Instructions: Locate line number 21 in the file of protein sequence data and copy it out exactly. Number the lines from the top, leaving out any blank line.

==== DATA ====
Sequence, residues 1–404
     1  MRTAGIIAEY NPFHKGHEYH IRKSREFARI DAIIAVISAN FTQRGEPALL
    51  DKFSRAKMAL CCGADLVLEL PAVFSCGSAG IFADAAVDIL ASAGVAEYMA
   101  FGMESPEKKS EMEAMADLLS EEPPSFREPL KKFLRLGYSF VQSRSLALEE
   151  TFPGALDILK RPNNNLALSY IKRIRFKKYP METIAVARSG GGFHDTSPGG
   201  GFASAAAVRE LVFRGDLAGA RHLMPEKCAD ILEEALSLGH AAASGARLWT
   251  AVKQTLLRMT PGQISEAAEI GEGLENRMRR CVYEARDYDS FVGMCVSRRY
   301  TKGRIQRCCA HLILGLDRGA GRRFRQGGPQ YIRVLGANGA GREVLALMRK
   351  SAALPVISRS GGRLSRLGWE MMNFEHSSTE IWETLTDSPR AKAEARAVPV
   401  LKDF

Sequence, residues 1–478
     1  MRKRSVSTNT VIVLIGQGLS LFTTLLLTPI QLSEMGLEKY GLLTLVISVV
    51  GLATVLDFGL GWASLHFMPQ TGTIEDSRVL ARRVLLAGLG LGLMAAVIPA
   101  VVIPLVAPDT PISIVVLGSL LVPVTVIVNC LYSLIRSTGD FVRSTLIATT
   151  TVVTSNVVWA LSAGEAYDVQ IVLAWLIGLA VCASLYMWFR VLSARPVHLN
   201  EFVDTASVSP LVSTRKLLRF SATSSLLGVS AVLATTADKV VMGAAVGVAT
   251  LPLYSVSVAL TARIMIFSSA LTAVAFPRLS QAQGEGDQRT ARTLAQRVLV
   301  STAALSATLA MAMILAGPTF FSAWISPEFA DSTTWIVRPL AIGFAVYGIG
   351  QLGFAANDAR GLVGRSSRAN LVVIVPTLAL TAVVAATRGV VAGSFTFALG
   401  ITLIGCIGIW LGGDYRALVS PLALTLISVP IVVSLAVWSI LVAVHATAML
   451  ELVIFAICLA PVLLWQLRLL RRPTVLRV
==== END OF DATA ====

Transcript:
   451  ELVIFAICLA PVLLWQLRLL RRPTVLRV